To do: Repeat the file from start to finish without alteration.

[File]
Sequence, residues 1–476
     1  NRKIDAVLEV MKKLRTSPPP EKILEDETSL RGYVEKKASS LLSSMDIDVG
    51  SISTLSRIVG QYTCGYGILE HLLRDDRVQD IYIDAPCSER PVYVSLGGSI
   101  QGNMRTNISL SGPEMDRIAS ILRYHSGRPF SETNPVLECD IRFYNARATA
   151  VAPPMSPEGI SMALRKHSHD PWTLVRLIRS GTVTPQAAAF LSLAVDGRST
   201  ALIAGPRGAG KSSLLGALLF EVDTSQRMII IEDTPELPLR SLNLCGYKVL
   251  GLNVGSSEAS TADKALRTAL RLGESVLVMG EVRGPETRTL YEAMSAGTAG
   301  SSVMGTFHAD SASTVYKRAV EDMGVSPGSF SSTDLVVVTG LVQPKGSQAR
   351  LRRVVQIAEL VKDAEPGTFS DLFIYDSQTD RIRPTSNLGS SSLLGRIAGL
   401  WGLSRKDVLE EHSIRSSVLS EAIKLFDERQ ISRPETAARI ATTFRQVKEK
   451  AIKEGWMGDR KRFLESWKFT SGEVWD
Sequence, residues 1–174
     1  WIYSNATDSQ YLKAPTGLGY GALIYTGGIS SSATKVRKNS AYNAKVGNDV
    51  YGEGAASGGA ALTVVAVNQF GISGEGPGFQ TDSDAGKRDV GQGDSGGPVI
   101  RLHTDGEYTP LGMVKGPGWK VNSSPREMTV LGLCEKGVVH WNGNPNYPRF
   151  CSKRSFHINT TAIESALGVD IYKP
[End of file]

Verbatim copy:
Sequence, residues 1–476
     1  NRKIDAVLEV MKKLRTSPPP EKILEDETSL RGYVEKKASS LLSSMDIDVG
    51  SISTLSRIVG QYTCGYGILE HLLRDDRVQD IYIDAPCSER PVYVSLGGSI
   101  QGNMRTNISL SGPEMDRIAS ILRYHSGRPF SETNPVLECD IRFYNARATA
   151  VAPPMSPEGI SMALRKHSHD PWTLVRLIRS GTVTPQAAAF LSLAVDGRST
   201  ALIAGPRGAG KSSLLGALLF EVDTSQRMII IEDTPELPLR SLNLCGYKVL
   251  GLNVGSSEAS TADKALRTAL RLGESVLVMG EVRGPETRTL YEAMSAGTAG
   301  SSVMGTFHAD SASTVYKRAV EDMGVSPGSF SSTDLVVVTG LVQPKGSQAR
   351  LRRVVQIAEL VKDAEPGTFS DLFIYDSQTD RIRPTSNLGS SSLLGRIAGL
   401  WGLSRKDVLE EHSIRSSVLS EAIKLFDERQ ISRPETAARI ATTFRQVKEK
   451  AIKEGWMGDR KRFLESWKFT SGEVWD
Sequence, residues 1–174
     1  WIYSNATDSQ YLKAPTGLGY GALIYTGGIS SSATKVRKNS AYNAKVGNDV
    51  YGEGAASGGA ALTVVAVNQF GISGEGPGFQ TDSDAGKRDV GQGDSGGPVI
   101  RLHTDGEYTP LGMVKGPGWK VNSSPREMTV LGLCEKGVVH WNGNPNYPRF
   151  CSKRSFHINT TAIESALGVD IYKP